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|Publisher||Natural History Publications Borneo|
The king cobra, the longest venomous snake in the world, is widely distributed across much of tropical and subtropical Asia. Its generic name Ophiophagus (‘snake-eater’) is indicative of its cannibalistic tendencies; its diet is comprised almost exclusively of snakes, including its own kind. The enormous lengths that the king cobra can reach, combined with an intimidating threat display and possession of highly neurotoxic venom, have led to it being greatly feared by many. It is widely considered as one of the most formidable snakes in the world.
However, whilst undoubtedly dangerous when provoked, the king cobra is undeserving of its fearsome reputation. Research has shown it to be an extremely shy and elusive reptile exhibiting fascinating behavioural traits, some of which are totally unique within the world of snakes. Even after more than 180 years since the king cobra was first described in 1836, many of its secrets are yet to be revealed. Importantly, monitoring of wild populations has shown signs of rapid decline in numbers in many areas, and so continued conservation efforts are required to secure the reign of the king cobra across its distribution.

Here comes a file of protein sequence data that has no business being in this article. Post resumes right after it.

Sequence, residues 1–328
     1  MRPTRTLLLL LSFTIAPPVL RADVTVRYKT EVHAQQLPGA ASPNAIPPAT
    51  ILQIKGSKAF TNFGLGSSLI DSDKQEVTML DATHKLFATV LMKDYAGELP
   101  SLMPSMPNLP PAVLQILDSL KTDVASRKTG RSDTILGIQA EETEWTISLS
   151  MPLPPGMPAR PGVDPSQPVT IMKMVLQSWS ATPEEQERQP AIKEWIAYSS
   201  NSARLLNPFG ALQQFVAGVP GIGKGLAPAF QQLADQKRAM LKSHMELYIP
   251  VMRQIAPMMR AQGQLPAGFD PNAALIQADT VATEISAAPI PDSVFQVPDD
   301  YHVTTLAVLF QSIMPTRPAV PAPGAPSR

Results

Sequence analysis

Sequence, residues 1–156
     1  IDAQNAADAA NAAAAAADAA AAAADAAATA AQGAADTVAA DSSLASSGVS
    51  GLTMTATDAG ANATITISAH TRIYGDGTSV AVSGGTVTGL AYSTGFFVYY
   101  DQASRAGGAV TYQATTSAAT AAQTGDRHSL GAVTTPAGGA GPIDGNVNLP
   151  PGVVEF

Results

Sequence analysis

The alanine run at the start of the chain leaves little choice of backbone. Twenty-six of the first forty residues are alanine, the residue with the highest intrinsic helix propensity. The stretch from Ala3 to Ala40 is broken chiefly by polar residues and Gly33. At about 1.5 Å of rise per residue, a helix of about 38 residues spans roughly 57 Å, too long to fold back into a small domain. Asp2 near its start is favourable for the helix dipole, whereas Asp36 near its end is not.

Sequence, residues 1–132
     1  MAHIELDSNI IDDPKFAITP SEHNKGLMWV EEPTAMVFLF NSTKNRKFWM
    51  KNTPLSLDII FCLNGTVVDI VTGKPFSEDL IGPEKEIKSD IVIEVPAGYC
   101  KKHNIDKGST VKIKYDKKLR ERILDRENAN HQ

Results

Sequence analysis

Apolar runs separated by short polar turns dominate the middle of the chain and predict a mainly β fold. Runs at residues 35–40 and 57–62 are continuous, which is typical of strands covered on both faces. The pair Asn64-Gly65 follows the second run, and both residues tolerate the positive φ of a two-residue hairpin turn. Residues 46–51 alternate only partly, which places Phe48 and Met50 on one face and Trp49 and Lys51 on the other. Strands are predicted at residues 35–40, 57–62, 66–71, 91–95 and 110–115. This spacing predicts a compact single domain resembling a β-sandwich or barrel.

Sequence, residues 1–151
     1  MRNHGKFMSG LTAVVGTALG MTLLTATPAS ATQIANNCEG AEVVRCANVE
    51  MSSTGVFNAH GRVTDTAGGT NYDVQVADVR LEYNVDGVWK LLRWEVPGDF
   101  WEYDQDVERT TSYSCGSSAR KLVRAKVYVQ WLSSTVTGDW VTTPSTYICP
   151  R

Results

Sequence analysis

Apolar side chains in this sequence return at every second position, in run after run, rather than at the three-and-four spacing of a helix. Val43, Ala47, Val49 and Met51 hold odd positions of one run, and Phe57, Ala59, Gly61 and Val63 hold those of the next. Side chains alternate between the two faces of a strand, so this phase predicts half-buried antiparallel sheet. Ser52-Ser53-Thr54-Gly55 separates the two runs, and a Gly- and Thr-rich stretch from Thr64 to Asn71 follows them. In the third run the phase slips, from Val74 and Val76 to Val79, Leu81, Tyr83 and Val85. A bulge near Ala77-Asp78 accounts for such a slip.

This book, profusely illustrated with excellent photographs from a number of very talented photographers, details the natural history of the king cobra, looking closely at all aspects of its life including distribution, diet, reproduction and venom, as well as its relationship with humans and conservation. The author also provides notes on the captive management of the king cobra, drawing on his experience of maintaining and breeding this species for a number of years.
Part One: The natural history of the King Cobra
Part Two: The King Cobra in captivity
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